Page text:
ID3006 Compilers and Execution Environments 7.5 credits
Kompilatorer och exekveringsmiljöer
Education cycleThird cycle
Main field of study
Grading scaleP, F
Autumn 18 P2 (7.5 credits)
Language of instruction
Form of study
Number of places
Information for research students about course offerings
Every year, period 2 together with ID2202.
Intended learning outcomes
The overall aim of the course is to provide an understanding of
how a programming language is implemented including common
theories and recent research results and how these theories and
research results are applied. The course will
cover techniques for reading, understanding, translating,
improving, and executing programs.
This understanding means that after the course a student should
be able to:
- explain the overall structure of a compiler.
- describe regular expressions and finite automata and use them unambiguously for lexical analysis; combine and apply techniques to construct a deterministic finite automaton from regular expressions.
- describe context free grammars and apply them to capture common programming language constructs; describe the basic approach of top-down and bottom-up parsing; construct recursive descent, LL(1), LR(0), and SLR parsers; identify whether grammars can be used with a given parsing technique.
- list and describe tasks carried out during semantic analysis.
- describe the design principles behind intermediate program representations; explain and apply methods for selecting instructions; describe the organization of activation records and identify the impact of different design decisions for activation records on program execution.
- define the liveness of variables and compute liveness information from control flow graphs; define the principles of conservative approximations for analyzing programs; construct interference graphs and perform complete register allocation on them reflecting the design of activation records.
- name key components in an execution environment; describe simple techniques for heap management and garbage collection; identify the amortized costs of different approaches to garbage collection; list common techniques and explain their properties used in virtual execution environments.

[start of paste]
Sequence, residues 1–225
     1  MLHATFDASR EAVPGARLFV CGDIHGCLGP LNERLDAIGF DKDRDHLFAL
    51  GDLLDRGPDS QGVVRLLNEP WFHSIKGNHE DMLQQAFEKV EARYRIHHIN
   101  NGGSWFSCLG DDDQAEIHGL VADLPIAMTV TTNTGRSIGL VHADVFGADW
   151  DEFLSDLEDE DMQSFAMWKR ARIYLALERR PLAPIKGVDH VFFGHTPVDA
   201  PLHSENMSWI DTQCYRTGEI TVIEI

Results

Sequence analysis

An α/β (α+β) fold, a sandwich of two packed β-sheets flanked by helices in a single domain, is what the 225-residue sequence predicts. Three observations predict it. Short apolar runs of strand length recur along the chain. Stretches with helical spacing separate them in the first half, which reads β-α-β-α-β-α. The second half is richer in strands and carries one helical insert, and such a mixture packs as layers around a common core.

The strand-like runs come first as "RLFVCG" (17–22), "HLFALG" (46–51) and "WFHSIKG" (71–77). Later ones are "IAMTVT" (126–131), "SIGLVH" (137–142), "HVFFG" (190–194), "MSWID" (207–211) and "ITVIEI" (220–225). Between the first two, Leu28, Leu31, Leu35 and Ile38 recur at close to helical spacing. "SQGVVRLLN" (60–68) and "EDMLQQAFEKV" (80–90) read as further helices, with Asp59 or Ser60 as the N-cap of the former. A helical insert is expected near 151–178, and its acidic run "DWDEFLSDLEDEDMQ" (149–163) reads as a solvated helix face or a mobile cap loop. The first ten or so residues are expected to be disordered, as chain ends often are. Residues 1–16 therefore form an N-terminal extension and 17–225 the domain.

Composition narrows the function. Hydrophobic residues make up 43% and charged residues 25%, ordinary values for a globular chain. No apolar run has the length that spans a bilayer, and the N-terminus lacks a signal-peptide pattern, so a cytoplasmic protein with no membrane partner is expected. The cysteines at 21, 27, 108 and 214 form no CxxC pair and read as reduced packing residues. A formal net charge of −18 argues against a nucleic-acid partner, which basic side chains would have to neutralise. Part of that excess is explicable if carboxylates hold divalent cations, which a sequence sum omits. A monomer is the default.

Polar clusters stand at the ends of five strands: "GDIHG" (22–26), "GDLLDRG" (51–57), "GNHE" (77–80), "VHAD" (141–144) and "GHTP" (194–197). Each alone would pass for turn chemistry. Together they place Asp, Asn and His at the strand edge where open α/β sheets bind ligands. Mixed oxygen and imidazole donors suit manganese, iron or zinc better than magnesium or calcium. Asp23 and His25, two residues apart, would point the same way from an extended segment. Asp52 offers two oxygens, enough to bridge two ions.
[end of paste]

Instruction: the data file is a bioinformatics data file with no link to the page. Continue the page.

- describe common techniques for program optimization; identify loops in programs using dominators; describe and apply techniques for optimizing loops and memory access.
- describe how characteristics of hardware architectures influence compilation of programs; give examples of important characteristics.
- describe and apply current research trends in compilers and execution environments in all areas mentioned above
Course main content
Reading programs: lexical and syntactic analysis. Finite automata, regular expressions, LL- and LR-parsing.
Understanding programs: Semantic analysis, type checking. Scope control, declarations and expressions.
Translating programs: machines and instructions. Intermediate code, instruction selection, stacks and procedure calls.
Executing programs: virtual execution environments and run-time systems. Memory management, garbage collection, loading and linking, just-in-time compilation. Dependencies on hardware architecture.
Improving programs: optimization. Machine independent optimizations (dataflow analysis, strength reduction, ...)
Machine level optimization (register allocation, scheduling, prefetching, power consumption...)
Research area overview: major conferences and journals. Current hot topics and connection to other research areas.
Approved written examination, approved home assinments, and approved application of current research (in the form of using it for a research paper, report, or project, etc).
Requirements for final grade
Godkänd skriftlig tentamina, godkända inlämningsuppgifter och godkänd tillämpning av nuvarande forskning (till exempel: användning i en forskningsartikel, forskningsreport, eller forksningsprojekt).
EECS/Software and Computer Systems
Christian Schulte, email@example.com 087904264
Christian Schulte <firstname.lastname@example.org>
Course syllabus valid from: Spring 2011.
Examination information valid from: Spring 2019.